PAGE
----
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Weed Management, Environmental Quality, and Profitability In Organic Feed and Forage Production Systems

The overall goal of this integrated project is to create sustainable cropping systems to produce high value organic livestock feed and forages. Balancing weed suppression, beneficial arthropod conservation, environmental quality and profitability is central to this project. We are testing the hypothesis that adverse impacts associated with tillage for weed management can be mitigated by alternating or "rotating" soil depleting activities with soil building activities to result in acceptable crop productivity, weed population dynamics, and biological, environmental and economic indicators at various temporal scales.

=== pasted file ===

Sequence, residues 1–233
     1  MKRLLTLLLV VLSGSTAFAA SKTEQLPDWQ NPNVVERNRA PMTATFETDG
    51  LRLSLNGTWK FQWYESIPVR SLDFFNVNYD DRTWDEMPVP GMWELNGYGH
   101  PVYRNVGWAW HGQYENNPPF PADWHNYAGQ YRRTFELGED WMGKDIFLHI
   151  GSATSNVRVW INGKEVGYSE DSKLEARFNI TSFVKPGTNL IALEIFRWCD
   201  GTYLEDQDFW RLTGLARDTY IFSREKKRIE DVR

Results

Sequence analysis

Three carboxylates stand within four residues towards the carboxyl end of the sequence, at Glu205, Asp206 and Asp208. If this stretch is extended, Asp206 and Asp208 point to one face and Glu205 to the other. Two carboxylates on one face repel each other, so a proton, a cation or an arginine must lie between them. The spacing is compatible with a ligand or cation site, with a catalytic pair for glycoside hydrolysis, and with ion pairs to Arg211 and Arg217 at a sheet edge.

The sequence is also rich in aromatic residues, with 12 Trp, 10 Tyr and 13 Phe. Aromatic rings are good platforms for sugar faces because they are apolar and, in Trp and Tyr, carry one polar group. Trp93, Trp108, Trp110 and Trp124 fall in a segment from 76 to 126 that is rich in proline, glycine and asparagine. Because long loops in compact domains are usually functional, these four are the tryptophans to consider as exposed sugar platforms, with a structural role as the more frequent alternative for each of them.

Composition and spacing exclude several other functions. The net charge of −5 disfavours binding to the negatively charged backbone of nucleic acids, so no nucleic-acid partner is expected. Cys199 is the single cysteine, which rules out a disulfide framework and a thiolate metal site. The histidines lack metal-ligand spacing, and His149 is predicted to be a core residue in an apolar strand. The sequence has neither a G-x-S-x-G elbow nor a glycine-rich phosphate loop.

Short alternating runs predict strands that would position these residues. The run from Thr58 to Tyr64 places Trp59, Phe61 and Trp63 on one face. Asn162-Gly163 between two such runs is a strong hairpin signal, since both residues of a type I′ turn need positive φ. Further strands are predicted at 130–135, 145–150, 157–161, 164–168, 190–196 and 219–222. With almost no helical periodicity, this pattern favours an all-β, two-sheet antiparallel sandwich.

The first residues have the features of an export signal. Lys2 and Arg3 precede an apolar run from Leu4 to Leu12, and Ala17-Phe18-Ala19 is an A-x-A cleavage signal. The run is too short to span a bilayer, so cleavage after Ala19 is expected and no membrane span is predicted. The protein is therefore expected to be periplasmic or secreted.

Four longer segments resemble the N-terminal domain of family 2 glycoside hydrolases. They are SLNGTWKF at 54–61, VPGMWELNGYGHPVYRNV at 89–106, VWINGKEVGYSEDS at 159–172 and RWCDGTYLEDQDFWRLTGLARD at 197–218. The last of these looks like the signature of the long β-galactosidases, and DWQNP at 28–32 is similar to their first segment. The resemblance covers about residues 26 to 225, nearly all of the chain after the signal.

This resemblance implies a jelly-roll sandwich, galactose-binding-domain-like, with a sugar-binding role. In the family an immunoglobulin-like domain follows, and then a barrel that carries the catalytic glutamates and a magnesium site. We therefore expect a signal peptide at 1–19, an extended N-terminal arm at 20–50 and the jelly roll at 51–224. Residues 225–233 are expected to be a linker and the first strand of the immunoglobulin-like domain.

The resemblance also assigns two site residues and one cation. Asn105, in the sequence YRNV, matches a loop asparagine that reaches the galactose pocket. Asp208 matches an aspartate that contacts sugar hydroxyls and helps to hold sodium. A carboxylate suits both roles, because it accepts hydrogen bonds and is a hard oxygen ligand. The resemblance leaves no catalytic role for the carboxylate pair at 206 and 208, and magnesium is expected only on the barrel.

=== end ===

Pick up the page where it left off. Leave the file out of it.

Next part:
Weed management is one of the primary pest management challenges for organic producers. The overall goal of this research and extension project is to create sustainable cropping systems to produce high value organic livestock feed and forages.

Balancing weed suppression, beneficial arthropod conservation, environmental quality, and profitability is central to this project.

We are comparing four cropping systems to determine if impacts associated with tillage for weed management can be mitigated by alternating or “rotating” tillage with soil building activities to result in acceptable crop productivity, weed population dynamics, and biological, environmental and economic indicators.

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A diagram of the four cropping systems being evaluated in the Weed Management, Environmental Quality, and Profitability in Organic Feed and Forage Production Systems experiment at the Russell E. Larson Research Center.